Information scientist: job description

Information scientist: job description

Information scientists are responsible for managing the acquisition, supply and distribution of information within an organisation or section of an organisation and for making that information accessible to users.
An accredited degree is often needed for entry into this profession.

What does an information scientist do? Typical employers | Qualifications and training | Key skills

Information scientists typically work across the breadth of a company. A lot of their time is spent communicating with colleagues or carrying out research in archives of documents.

Key duties of the job include:

  • evaluating, organising, cataloguing, classifying, managing and distributing information in a variety of formats
  • creating databases
  • ensuring that information is up to date
  • ensuring that data protection laws are met
  • helping to develop intranets for staff to use
  • answering Freedom of Information (FOI) requests
  • carrying out information audits, inquiries and internal commissions
  • answering enquiries from staff and external parties
  • maintaining statistical and financial records
  • writing reports
  • using specialist computer applications
  • searching for and retrieving information from the internet and online databases
  • promoting and marketing services
  • maintaining a budget
  • training and supervising assistant staff.

Typical employers of information scientists

  • Private and public sector organisations
  • Public libraries and information services
  • Government departments
  • Professional associations
  • Research establishments
  • Charities
  • Academic or school libraries
  • Commercial organisations
  • Universities

Vacancies are advertised online, by careers services and specialist recruitment agencies and in local/national newspapers. Early applications for traineeships and postgraduate courses (particularly where funding is sought) are essential.

Qualifications and training required

It’s possible to enter this profession with a degree in any subject. However, some employers require a relevant subject such as information science or information and library studies.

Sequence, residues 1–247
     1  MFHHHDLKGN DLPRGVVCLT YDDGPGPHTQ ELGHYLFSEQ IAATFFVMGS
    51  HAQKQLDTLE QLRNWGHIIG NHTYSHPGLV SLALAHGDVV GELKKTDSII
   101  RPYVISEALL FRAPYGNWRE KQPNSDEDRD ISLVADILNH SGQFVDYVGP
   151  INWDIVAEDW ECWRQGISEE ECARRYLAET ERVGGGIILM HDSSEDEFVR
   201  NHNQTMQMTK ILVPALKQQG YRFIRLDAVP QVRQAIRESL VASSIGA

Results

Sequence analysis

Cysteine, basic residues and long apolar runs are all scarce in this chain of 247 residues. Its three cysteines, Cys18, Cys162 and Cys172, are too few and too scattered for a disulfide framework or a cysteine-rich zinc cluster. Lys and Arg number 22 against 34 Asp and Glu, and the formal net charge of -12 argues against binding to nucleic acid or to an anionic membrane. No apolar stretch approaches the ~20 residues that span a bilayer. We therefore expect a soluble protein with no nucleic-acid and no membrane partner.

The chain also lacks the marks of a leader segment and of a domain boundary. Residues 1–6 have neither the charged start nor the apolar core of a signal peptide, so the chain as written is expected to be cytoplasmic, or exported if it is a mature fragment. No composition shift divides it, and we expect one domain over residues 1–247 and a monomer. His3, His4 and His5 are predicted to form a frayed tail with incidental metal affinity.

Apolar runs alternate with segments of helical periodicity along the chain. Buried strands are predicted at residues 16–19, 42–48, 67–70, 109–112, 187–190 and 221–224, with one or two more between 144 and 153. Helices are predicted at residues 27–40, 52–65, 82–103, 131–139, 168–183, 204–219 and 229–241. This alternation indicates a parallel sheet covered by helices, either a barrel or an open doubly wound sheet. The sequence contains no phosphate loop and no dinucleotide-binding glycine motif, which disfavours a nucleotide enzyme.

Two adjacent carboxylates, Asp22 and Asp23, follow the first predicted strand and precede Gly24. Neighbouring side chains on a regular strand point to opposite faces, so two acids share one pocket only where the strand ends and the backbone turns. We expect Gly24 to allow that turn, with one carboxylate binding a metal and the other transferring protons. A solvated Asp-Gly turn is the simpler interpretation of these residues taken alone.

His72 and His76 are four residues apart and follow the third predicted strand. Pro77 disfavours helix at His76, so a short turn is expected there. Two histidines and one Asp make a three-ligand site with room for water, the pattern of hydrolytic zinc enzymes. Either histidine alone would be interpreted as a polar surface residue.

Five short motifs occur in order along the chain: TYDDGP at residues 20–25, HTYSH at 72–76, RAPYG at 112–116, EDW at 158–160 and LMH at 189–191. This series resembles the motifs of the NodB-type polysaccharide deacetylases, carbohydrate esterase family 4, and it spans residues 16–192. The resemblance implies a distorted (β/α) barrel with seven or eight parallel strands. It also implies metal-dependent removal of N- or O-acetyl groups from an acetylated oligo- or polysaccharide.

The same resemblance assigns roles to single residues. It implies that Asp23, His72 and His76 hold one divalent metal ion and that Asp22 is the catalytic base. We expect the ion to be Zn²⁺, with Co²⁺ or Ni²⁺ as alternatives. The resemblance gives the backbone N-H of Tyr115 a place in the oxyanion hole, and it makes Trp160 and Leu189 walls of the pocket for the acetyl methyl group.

Depending on the industry you work in, you may need a sector-specific degree. For example, if you are managing history databases, a history degree may be preferable.

Many employers ask for an undergraduate or postgraduate degree accredited by the Chartered Institute of Library and Information Professionals (CILIP). A list of accredited qualifications is available on CILIP’s website.

Any experience of working in a library, archive or research facility is beneficial. You can also apply for IT, technology or administration-related industrial placements, summer internships and insight programmes.

If you are a school leaver (or a graduate) who has been working in a library, you can apply to CILIP for certification. This will be awarded in recognition of the knowledge and skills that you have developed in your role. To get certified, you will need to complete various activities to demonstrate your continuing professional development (CPD) and submit an electronic portfolio.

Key skills for information scientists

  • Motivation
  • Excellent research skills
  • Attention to detail
  • Organisation and efficiency
  • Teamworking skills
  • Verbal and written communication
  • Interpersonal skills
  • Computer skills
  • Proficiency with databases and the internet